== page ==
During her daughter’s senior year of high school, Natalie Caine suddenly realized that her life would soon be radically different. Not knowing where to turn for support or guidance, the Los Angeles-based speech therapist started an empty nest support group at her home four years ago. From there, the seed sprouted and today, she is the founder of Empty Nest Support Services, providing consultation and support for women struggling during this time in life when children spread their wings.
“Once every two months I’d have five other moms of daughters over to my house. We did pot luck, sat and ate and talked and cried and laughed... It is a support for the transition and new beginnings all of us could be living,” Natalie recalls.
As with many good ideas, this small beginning blossomed after Natalie began searching for other resources for women.
“There really is so little out there. People don’t talk about this time in life and it’s not found often in media,” Natalie says.
Today, her organization helps hundreds of women across the country through phone consultations and through an active supportive message board where women can console one another.
As this topic is new for me, I was surprised to learn just how debilitating this change can be for some women. Natalie says that some moms, whether they work full-time or not—suddenly find themselves slipping into a depression after their children leave home.
“I recall talking with one woman who had been working as a top executive for twenty-five years and after her children left home, just found that she couldn’t get out of bed in the morning. She found herself calling in sick. These women just need to know that they are okay—that they are normal. Talking with other women going through this is so helpful,” Natalie says.
Part of the problem for moms is that our identities are so wrapped up in being mothers—of nurturing others, taking care of our children and putting them first. When this is gone, the Earth suddenly seems a foreign place and women can find themselves searching for meaning, searching for identity, and taking stock of their lives. Rather than run from these thoughts and keeping busy to avoid facing these issues, Natalie strongly suggests that women embrace them: face them and obviously, with the support of others.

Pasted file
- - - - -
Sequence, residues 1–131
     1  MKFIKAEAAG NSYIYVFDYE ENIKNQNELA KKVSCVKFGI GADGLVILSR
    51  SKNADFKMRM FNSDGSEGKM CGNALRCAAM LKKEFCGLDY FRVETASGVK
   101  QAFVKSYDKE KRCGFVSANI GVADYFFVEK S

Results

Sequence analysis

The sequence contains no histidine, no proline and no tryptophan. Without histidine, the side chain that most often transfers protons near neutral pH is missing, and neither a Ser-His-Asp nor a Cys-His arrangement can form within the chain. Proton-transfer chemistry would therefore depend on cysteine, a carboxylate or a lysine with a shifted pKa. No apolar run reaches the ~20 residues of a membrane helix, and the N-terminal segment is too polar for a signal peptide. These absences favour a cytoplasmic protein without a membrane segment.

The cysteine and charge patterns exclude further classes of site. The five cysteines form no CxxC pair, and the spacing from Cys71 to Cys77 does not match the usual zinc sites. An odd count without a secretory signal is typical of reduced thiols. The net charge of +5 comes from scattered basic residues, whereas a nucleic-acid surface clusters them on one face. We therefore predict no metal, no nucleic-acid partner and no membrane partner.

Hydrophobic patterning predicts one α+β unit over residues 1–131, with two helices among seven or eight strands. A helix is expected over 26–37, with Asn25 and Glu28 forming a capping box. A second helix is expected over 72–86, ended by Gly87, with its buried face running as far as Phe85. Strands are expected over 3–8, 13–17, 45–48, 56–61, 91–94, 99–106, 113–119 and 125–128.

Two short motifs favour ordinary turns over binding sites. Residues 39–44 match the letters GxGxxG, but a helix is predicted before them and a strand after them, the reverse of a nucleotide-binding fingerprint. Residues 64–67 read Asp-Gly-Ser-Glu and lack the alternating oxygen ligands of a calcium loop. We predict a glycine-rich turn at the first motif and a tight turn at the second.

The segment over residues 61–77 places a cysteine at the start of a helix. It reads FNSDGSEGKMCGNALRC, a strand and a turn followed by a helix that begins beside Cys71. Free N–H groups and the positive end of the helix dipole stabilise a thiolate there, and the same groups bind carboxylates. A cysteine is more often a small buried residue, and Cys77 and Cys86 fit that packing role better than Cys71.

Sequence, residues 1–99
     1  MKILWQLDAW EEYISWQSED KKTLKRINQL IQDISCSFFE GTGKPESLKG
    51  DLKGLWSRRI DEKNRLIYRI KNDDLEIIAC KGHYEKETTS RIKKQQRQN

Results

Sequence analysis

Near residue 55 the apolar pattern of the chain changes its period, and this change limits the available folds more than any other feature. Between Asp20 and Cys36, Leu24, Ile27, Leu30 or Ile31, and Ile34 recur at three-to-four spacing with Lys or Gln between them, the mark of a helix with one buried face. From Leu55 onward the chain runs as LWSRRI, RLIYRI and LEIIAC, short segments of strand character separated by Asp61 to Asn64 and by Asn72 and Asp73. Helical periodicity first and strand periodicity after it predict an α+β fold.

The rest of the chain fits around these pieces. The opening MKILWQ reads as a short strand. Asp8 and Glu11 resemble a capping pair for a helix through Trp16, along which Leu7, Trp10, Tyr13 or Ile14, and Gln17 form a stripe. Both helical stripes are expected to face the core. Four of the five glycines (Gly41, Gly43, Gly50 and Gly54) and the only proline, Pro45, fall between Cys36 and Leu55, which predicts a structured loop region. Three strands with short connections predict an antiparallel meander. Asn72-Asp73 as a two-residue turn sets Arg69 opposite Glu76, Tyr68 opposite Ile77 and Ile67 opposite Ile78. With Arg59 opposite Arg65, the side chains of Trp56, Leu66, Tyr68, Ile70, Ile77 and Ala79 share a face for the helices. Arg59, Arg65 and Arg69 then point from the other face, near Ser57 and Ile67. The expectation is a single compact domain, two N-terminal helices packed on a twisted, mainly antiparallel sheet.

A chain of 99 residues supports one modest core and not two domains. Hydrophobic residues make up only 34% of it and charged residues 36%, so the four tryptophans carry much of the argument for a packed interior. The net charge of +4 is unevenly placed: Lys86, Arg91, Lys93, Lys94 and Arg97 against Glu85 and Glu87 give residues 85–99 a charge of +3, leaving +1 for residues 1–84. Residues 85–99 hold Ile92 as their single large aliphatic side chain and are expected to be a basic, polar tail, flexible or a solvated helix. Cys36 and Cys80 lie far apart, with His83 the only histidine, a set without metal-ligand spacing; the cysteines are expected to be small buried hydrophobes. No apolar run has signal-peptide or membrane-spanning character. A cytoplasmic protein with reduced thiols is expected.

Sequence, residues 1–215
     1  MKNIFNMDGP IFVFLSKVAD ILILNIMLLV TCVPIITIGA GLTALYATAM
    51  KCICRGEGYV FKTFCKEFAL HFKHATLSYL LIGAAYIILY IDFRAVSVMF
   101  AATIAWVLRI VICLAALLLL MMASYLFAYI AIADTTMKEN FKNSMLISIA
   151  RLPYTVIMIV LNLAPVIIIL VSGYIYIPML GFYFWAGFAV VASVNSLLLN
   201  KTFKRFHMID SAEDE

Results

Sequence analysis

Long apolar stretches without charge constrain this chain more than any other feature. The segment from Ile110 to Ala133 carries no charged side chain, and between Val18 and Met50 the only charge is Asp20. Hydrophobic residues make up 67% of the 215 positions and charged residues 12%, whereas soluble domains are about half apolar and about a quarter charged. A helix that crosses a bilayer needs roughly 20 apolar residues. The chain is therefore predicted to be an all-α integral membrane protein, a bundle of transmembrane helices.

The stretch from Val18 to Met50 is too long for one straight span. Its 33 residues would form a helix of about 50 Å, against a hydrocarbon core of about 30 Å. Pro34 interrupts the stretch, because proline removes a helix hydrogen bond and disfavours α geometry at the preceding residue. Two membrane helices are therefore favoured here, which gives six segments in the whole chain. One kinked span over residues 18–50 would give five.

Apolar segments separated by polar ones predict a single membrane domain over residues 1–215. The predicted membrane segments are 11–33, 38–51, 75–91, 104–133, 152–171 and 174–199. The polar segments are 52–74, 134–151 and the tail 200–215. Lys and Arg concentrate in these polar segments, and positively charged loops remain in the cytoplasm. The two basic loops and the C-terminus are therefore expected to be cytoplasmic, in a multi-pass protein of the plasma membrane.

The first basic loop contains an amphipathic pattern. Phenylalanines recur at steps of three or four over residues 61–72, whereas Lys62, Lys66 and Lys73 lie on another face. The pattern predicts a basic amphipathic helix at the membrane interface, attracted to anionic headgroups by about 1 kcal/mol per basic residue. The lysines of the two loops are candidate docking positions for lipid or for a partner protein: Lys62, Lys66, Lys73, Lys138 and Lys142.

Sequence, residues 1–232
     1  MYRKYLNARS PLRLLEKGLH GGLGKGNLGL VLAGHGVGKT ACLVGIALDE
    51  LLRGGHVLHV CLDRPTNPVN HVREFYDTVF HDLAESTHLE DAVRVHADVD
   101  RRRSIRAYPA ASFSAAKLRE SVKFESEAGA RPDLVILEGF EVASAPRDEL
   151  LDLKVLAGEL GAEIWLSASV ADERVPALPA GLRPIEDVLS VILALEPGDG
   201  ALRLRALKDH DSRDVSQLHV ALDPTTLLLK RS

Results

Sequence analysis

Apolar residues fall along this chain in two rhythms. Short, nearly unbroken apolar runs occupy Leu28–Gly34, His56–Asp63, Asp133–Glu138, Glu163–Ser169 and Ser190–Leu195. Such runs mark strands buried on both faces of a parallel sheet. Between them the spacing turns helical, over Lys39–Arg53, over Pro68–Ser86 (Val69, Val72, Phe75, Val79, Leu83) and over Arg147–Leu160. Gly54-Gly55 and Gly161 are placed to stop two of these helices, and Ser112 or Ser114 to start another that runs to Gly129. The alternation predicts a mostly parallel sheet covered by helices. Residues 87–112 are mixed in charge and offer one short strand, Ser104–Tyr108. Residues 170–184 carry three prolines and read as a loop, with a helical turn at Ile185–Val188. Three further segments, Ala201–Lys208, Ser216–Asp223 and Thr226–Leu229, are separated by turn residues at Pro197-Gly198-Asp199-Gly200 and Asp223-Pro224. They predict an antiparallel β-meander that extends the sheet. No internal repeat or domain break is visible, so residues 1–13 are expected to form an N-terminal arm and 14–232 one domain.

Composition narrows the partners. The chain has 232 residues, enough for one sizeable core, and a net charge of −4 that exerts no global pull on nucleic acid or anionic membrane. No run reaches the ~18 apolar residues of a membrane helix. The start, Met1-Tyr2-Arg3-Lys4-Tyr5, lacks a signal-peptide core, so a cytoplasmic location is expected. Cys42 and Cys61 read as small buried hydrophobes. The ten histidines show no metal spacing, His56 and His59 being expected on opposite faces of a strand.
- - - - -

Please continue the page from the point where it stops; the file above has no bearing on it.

“Like new year’s resolutions, I always say take the time to reflect. … Let yourself be open to ideas, don’t rush out to fill the void and get terribly busy without reflecting. Try to stay still, quiet and let your new life unfold,” Natalie advises.
So how does one do that? With baby steps.
“The hardest part is actually getting up and getting going every morning. If you’re not ready to get out of the house yet because you have the blues, then, sit in bed with a journal,” Natalie suggests.
Since women typically don’t take the time to value themselves and their accomplishments, Natalie says a good exercise is to do just that by making a list of what you are good at. Include lists of what compliments you typically receive from others as well. And, make a list of what you’d like to do, your dreams, “if you had someone to hold your hand and help you achieve them,” says Natalie.
Finding New Interests
Trying something new is critical during this time, and Natalie reminds women that they can always keep their new venture a secret and they can always change their minds.
“After my daughter left, I took a voice lesson one day. I was very nervous, but then did it and it was so empowering. I loved it!” she recalls.
To help determine new interests, Natalie suggests keeping a treasure box filled with pictures that you cut out of magazines.
“The treasure chest is great. Tear out pictures from magazines. So I might have a picture of the Eiffel Tower, certain shoes, a landscape and I put them in this box and mix them all up. After a few weeks, open it up and scatter it across the floor and see what message that gives you,” Natalie says.
Another good exercise is to journal dreams and to open yourself up to finding messages in them, she says. To do this, Natalie keeps a tape recorder, notepad and a flashlight by her bed at night. Before going to sleep, Natalie suggests saying three times, “What’s next for me?” Afterwards, say “I will remember my dreams” three times as well.
Natalie says this technique has worked for many of her clients, and herself as well.
“I found my inner writer that way! I had lost it in the third grade,” she giggles. “In my dream, I’ll never forget it. My third grade teacher appears to me and says, ‘You’re getting an A for penmanship. This essay was really good—you could be a writer some day.’ I got up, wrote it down and dated it in my computer!” laughs Natalie.
From that dream she began journaling in earnest and now writes a monthly Empty Nest newsletter and is currently completing her first book: “Empty Nest: Life Beyond Parenting.”
As we all know, there is life beyond parenting and it sometimes take a little jolt to remind us to embrace our interests and to nurture ourselves. Certainly, moms who have nurtured others for years, deserve it.